Weight: 332 lbs.
40 Time: 4.92s*
Bench Press: 32 reps
Broad Jump: 9'8"*
+ Prototypical size and arm length
+ Extremely athletic
+ Very good feet and agility; able to mirror defenders on the edge
+ Powerful mauler with violent hands
+ Generates a lot of strength with his lower base
+ Aggressive run blocker
+ Great on the move pulling and trapping
+ Plays physical and mean
+ Sky is the limit with his upside
+ Raw and inexperienced with only 25 games started
+ Needs to improve hand use and placement pass blocking
+ Technique is work in progress
+ Inexperienced in pass protection
+ Can get overly aggressive, reaching and grabbing
NFL Player Comparison: OT Jason Peters - Eagles
To compare Robinson to a perennial All-Pro like Jason Peters might be too lofty, but that's his upside. If Robinson can put it all together, he certainly has all of the tools to be the type of franchise left tackle Peters has been for most of his career. Like Peters, Robinson has above average athleticism at the position. He has quick and nimble feet to kick out against outside pass rushers. He also uses his quickness to get out to the second level and maul defenders in the running game. What separates Robinson with a more refined prospect like TAMU's Jake Matthews is his devastating power and Clowney-like upside. Where Robinson really stands out is his ability to sink his hips and explode out to rag-doll defenders.
Robinson's one glaring weakness is in pass protection. He has the feet to slide out to wall off defenders, but his inexperience causes his technique to be inconsistent. Many times he'll use his legs to mirror the defender, only to stop moving his feet and cause him to reach and grab. That has more to do with technique on Robinson's part. The other part that will also come with experience is the ability to recognize blitzes and identify proper blocking assignments.
Overall, Robinson is the prototype for physical play at the position. His lower base and his violent punch out of his stance is elite. Where he needs to be better is with consistency doing it and putting all of his physical ability together.
Raiders Draft Analysis
Before free agency, it seemed all but a formality that the Raiders were going to re-sign now Arizona Cardinal Jared Veldheer. Its still a tough pill to swallow for a lot of Raiders fans (me included) but at the end of the day, Veldheer is now going to protect Carson Palmer's blindside. Reggie McKenzie alluded to how he wanted to keep both Veldheer and Lamarr Houston, but that ultimately they wanted to play elsewhere. The draft implications after losing Veldheer, signed then failed Rodger Saffold, and landing Donald Penn is that the Raiders sooner or later need to find a long term solution at left tackle.
Donald Penn was a good get for the Raiders, but Penn isn't always in the best of shape and is coming off a bad year in Tampa Bay. Whether last year was just an aberration, or a player who's had questionable work habits declining remains to be seen. Even having a guy in waiting like Menelik Watson doesn't exclude the Raiders from looking at OT at #5 overall.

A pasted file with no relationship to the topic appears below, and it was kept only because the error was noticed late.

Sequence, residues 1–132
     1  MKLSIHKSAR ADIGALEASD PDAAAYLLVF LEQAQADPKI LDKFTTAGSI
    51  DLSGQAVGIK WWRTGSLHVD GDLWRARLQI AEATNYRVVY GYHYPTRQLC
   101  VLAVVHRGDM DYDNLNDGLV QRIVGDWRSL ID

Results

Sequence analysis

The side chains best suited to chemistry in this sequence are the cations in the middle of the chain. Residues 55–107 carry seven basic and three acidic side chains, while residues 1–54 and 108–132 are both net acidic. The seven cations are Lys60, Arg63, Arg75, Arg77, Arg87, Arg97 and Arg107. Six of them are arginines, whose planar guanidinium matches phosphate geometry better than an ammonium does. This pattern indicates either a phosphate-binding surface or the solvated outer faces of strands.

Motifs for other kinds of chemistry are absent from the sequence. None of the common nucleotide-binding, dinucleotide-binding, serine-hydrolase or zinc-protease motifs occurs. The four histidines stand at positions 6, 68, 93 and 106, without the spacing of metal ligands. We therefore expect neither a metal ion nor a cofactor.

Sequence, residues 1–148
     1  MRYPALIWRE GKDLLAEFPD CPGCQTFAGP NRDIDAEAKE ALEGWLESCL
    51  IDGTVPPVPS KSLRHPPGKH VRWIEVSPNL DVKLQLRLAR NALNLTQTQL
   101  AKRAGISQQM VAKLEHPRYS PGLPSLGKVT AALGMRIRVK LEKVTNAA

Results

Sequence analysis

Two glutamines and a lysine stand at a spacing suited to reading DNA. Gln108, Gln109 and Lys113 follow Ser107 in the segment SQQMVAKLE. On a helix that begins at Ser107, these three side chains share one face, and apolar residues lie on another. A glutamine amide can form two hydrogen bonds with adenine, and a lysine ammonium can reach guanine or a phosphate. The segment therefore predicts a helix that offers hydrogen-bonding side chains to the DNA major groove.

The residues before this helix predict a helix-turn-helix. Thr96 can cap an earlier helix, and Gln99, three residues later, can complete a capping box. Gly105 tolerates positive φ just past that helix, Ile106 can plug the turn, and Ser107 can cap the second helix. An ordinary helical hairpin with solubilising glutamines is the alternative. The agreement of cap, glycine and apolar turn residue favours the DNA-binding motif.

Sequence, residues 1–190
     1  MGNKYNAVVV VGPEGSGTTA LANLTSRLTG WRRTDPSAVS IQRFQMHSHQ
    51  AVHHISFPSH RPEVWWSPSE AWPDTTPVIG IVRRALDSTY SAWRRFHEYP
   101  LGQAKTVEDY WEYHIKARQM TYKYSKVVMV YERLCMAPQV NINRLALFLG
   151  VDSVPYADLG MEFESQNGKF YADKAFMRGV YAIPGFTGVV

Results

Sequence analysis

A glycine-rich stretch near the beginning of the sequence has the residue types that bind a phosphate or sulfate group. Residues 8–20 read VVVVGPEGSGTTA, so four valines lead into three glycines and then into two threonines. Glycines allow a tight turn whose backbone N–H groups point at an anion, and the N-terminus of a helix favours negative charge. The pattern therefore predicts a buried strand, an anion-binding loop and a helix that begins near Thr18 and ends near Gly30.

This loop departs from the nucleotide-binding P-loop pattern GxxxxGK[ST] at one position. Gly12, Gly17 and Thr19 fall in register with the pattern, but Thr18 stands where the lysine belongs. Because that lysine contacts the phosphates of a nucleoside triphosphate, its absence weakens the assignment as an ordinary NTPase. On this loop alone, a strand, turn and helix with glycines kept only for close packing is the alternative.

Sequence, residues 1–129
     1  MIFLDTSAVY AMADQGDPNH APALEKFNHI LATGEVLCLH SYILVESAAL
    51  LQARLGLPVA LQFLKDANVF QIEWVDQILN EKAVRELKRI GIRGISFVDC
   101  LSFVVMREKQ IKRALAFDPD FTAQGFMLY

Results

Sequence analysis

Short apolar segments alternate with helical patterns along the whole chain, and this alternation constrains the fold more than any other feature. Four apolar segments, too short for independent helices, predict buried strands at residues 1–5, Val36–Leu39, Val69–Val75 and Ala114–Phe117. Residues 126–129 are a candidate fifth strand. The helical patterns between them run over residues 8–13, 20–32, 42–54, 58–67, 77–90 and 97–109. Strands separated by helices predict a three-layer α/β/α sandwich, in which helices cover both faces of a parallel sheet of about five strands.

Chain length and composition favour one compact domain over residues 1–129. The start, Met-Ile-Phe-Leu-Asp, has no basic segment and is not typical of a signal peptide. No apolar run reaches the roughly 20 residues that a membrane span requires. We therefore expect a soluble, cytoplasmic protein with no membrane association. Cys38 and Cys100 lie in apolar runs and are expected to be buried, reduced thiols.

Currently Robinson has been a heavy favorite to go #2 overall to the St. Louis Rams. If the Rams can't trade down, Robinson could slide in at right tackle for a few years until Jake Long's cap number becomes an issue for the Rams. Of the teams ahead of the Raiders, both Jacksonville and Cleveland could use some help at OL. For the Raiders, drafting Robinson would the first pick since Robert Gallery at the top of the 1st round. Whereas Gallery was widely seen as a safe pick, Robinson is still a neophyte with plenty of developing to do. I don't say that in a bad sense, more along the lines of his prospect ranking is well warranted in spite of his relative inexperience. That's saying a lot. Robinson is being talked about in top 5 conversations and he's still developing.
Whether or not Reggie McKenzie will go in this direction is highly debatable. Its been said that it will be important for McKenzie's reputation as a talent evaluator for both DJ Hayden and Menelik Watson to make a jump in year 2. If that is the case, Watson is being groomed and developed to play one of the bookend spots sometime this coming year.
That's where an addition like Robinson to the Raiders gets bumpy. Menelik Watson in some ways is very similar to Robinson. Watson is short on experience and high on potential and upside, just like Robinson. Most Raiders fans didn't get to see much of Watson due to his nagging leg injury last year, but Watson's strengths and weaknesses interestingly enough are very similar. "Rare athletic ability, tremendous frame . He has an explosive first step, light feet, and a violent punch. There are a lot of things in his game that need to be cleaned up from a technique standpoint." That's Watson's draft breakdown from NFL.com last year. It could be the very presence of Watson and McKenzie banking on him developing, that the Raiders might look elsewhere even if Robinson is available.
The fact is that outside of Watson, there are no young, long term solutions on the outside. Last time I checked, having a stud OT or two isn't a bad thing. Having Watson stay healthy and develop into a starter, and pairing him with Robinson could be the beginning of a formidable front for Oakland.